The recovery of the economy and the loosening of pandemic restrictions have had a positive impact on the labor market. The number of unemployed people decreased to the pre-pandemic level of 6.5%, and the number of job vacancies is growing.
Senior economist of Swedbank, Agnese Buceniece, said that the increase in wages was affected by both the increase in minimum wages and the increase in wages in the public sector.
"We have seen a rise in wages in the health sector, which has long been needed to attract people and pay health workers enough. We see that the salaries of education workers have also risen. If we look at hourly rates, these two sectors also stand out. In the public sector, wages are growing more rapidly than in the private sector.
"And another factor is raising the minimum wage. This year, the minimum wage was raised to €500, and it also affects the total wage fund and even more, the smaller wages. For example, Rīga and its region have the highest salaries. If we compare, wages have increased more rapidly in Latgale and this is mainly related to the minimum wage factor," said Buceniece.
The structure of employment has also changed as a result of the pandemic. Less-paid jobs have disappeared from the labor market, but jobs with higher wages have been created.
Jānis Salmiņš, head of the Analytics Service of the Ministry of Economics, estimated that wages will continue to increase in all sectors: "If we look at Q2, virtually all sectors are growing. For example, in the aviation sector, which suffered the hardest during Covid-19, wage dynamics are slightly in the negatives but remain high. Also in sectors that have suffered more, such as accommodation, creative industries and the food industry, wage growth has been more moderate, but still continues. If we look at sectors that have had more favorable conditions, such as the woodworking sector, we see a very rapid rise in wages. There is a significant increase in wages in health care. Looking at the medium term and even the long term, we can certainly expect it to continue at similar rates."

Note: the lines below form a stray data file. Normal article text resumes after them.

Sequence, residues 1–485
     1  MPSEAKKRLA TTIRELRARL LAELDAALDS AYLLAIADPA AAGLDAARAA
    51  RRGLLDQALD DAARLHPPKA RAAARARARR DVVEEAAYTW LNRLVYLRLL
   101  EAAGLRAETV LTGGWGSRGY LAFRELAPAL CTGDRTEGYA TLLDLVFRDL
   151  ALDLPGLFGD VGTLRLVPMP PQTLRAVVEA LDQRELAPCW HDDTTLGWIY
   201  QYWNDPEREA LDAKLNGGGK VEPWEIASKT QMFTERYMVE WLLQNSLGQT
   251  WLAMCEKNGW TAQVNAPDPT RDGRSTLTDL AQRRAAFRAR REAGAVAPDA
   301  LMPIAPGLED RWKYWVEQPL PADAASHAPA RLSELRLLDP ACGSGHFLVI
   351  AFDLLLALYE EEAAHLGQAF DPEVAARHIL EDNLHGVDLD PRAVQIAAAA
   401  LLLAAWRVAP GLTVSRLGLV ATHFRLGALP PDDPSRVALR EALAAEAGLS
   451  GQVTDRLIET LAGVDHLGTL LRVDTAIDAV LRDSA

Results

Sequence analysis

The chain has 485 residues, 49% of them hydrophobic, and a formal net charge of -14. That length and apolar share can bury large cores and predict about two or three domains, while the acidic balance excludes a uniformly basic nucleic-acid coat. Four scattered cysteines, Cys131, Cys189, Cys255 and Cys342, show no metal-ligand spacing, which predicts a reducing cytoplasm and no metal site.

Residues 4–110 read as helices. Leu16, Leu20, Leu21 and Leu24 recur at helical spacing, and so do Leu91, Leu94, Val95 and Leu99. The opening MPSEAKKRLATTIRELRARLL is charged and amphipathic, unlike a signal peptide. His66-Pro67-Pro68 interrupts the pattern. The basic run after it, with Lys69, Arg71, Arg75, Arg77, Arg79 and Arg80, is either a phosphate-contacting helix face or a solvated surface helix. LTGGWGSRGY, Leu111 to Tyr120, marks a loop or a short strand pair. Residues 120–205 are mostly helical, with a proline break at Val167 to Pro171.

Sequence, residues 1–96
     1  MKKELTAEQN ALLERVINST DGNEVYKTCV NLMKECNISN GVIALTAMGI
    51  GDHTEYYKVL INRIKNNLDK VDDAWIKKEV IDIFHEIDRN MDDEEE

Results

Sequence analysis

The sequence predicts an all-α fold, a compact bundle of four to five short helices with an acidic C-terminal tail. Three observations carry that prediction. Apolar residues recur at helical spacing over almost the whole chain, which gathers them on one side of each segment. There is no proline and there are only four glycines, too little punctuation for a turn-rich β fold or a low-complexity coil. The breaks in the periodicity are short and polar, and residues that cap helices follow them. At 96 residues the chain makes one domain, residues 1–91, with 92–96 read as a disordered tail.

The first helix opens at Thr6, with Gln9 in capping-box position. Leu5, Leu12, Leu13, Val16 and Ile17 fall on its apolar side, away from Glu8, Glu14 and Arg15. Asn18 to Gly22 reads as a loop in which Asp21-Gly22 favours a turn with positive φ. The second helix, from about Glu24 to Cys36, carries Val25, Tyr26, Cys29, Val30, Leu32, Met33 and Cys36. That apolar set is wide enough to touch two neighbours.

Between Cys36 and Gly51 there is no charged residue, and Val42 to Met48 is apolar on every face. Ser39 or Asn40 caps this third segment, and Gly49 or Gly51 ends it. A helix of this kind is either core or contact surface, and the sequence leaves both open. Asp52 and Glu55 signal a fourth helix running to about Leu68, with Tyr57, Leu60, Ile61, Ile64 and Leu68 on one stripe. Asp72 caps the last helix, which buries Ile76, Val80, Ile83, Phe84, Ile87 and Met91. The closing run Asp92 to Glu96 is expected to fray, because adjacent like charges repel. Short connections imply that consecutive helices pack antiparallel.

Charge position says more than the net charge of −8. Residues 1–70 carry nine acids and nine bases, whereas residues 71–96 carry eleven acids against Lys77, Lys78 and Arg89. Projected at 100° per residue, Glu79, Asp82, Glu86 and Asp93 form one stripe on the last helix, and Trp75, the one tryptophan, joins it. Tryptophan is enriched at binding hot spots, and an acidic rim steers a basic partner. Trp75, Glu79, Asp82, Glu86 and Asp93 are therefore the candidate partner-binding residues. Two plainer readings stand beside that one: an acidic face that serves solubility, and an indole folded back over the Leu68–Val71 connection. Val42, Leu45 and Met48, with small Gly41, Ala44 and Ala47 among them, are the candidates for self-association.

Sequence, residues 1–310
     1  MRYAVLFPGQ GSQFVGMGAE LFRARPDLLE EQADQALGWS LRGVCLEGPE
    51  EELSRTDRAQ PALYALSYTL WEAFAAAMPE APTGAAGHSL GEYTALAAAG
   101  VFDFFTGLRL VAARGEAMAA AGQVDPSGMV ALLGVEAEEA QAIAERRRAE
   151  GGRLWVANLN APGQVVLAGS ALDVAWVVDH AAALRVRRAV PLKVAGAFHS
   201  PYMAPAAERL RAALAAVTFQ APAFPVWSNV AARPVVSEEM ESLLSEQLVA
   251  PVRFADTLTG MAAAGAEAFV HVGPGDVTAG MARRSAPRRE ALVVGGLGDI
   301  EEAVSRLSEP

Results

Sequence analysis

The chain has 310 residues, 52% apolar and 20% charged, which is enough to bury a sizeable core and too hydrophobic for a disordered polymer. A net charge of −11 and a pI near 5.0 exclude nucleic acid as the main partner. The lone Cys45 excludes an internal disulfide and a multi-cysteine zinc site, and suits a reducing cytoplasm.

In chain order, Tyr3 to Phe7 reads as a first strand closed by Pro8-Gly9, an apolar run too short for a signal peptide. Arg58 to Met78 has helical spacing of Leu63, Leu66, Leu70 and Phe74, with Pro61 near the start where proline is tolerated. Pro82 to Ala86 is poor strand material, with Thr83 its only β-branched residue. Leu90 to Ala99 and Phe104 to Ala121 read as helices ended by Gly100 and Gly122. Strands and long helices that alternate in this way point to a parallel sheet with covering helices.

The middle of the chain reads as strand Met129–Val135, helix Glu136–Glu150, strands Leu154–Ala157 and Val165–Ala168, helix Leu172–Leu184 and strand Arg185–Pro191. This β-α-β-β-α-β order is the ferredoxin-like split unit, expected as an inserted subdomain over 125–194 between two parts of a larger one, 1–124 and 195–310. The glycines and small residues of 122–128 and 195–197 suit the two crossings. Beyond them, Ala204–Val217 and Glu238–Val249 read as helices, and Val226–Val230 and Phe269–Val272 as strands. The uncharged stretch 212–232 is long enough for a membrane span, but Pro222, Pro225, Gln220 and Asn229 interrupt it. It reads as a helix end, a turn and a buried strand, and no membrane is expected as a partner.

Some entrepreneurs are concerned about whether wage increases will go hand in hand with productivity growth.
“We need to move from a low-tech economy to a medium- and high-tech economy. More and more investment is needed in science, research and innovation. And this, of course, requires great resources from Latvian merchants. One is the private stocks of companies themselves, and the reform of zero interest rates for reinvested profits was very helpful here. However, this money is not so much, so entrepreneurs look at the recovery and resilience facility to make our businesses more competitive and productive towards European companies,” said Katrīna Zariņa, board member of the Latvian Chamber of Commerce and Industry (LTRK).
Latvia is already experiencing a lack of labor force, which is also one of the factors why wages are rising. Zariņa said that entrepreneurs are also concerned about the quality of the workforce.
“There needs to be a lot more engagement and investment to retrain these people so that they are in line with what is needed in the labor market. We must hope, of course, that we will also be able to debate with policy makers on a more competitive tax policy at the same time as wage rises. Of course, if there is an increase in pay, the employer's costs are also increasing to keep that pay,” Zariņa said.
The experts predicted that pay would continue to increase, but the increase would no longer be measured in double-digit figures.